On 25 November 2005, the Dutch Supreme Court (“Hoge Raad”) rejected Lycos’ ‘appeal in cassation’ in the so-called Pessers case and decided that Lycos, an Internet service provider (ISP), must provide Pessers with the personal data of a subscriber that had wrongfully accused Pessers of fraud on its website.
The case was initiated in 2003 by the stamp dealer and lawyer, Augustinus Pessers, against Lycos. Pessers sold stamps on eBay. After he had been accused of fraud on a free website of a Lycos customer (), he initiated preliminary relief proceedings. In these, he claimed that the accusation had to be removed from the website. Furthermore, he claimed that Lycos should provide him with the name and address of the subscriber that was responsible for the website.
Lycos argued that it did not have to provide the subscriber data, inter alia, because this would be contrary to the Electronic Commerce Directive (2000/31/EC) (‘the Directive’). That Directive provides that a so-called hosting provider (i.e. an ISP that hosts websites of its subscribers) is not liable for the information published on the website hosted by it, provided (a) that the provider does not have actual knowledge of illegal activity or information, or (b) that the provider, upon obtaining such knowledge or awareness, acts expeditiously to remove or disable access to the information.
According to Lycos this implies that, being a hosting provider, it cannot be obliged to provide subscriber data to Pessers. They argue that the Directive provides for an exclusive arrangement regarding the hosting provider’s liability: such a hosting provider can only be liable if he does have actual knowledge of the unlawful information and has refused to remove that information. As it was established that the information published on the website was not indisputably unlawful, Lycos argued that it was not liable and consequently could not be obliged to provide the subscriber data. In addition, Lycos argued that the provision of subscriber data would be contrary to the subscriber’s freedom to spread information anonymously and that the subscriber’s information should be protected.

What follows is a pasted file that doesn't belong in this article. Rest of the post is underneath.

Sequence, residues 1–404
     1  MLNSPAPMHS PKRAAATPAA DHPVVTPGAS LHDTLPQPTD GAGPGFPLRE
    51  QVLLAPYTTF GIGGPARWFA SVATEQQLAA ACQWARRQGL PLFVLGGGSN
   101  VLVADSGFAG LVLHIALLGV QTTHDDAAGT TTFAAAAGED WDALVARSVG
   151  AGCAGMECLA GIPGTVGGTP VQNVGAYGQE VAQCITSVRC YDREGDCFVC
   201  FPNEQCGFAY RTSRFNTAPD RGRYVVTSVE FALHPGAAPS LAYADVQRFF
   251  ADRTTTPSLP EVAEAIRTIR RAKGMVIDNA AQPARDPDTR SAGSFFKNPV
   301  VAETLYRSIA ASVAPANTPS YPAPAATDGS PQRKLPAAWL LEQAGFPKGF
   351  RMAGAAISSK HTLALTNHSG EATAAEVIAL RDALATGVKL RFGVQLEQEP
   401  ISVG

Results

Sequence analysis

The Supreme Court did not agree with this. In the Court’s opinion the announcement on the website did not have to be removed if the accusation was not indisputably unlawful. Nevertheless, that does not mean that the subscriber data does not have to be provided. If it is sufficiently plausible that information on a website could be unlawful, Lycos acts unlawfully towards Pessers by not providing the subscriber data on his request. In this respect, the Court also considered that the Directive requires that court actions allow for the rapid adoption of measures, including interim measures, designed to terminate any alleged infringement and to prevent any further impairment of the interests involved.
The Supreme Court’s decision has lead to some discussion among Internet lawyers in the Netherlands, as it means that ISPs should not only assess whether a web publication is indisputably unlawful, but also whether such a publication could be unlawful. That is, obviously, troublesome for ISP’s, who in principle don’t know and don’t want to know the contents of the information distributed via their networks, servers and the like. However, the Supreme Court does introduce some restrictions. For instance, it asserts with some emphasis that: “There is no general rule that anyone who has knowledge of particular information is obliged to provide this to the person who has a reasonable interest in the unknown information being communicated to him.” Furthermore, the Court remarks that its decision is tailored to the present case. Moreover, the Supreme Court also assesses that “the interest of freedom of speech may not be passed over lightly, including in particular cases the interest of the website owner to utter its opinion anonymously.”
It can be concluded from this that the Supreme Court did want to restrict the scope of its decision. Nevertheless, it is expected that the decision will also have consequences, for instance, in the tracking and prosecution of internet users exchanging music and films via p2p-networks. In any case, the interest group of the copyright owners, the Stichting Brein, which inter alia took legal action against KaZaA, is delighted by the decision. It is of the opinion that this will make it much easier to trace address data of Internet users who are suspected of illegal file-sharing.
The Supreme Court decision (in Dutch) can be downloaded from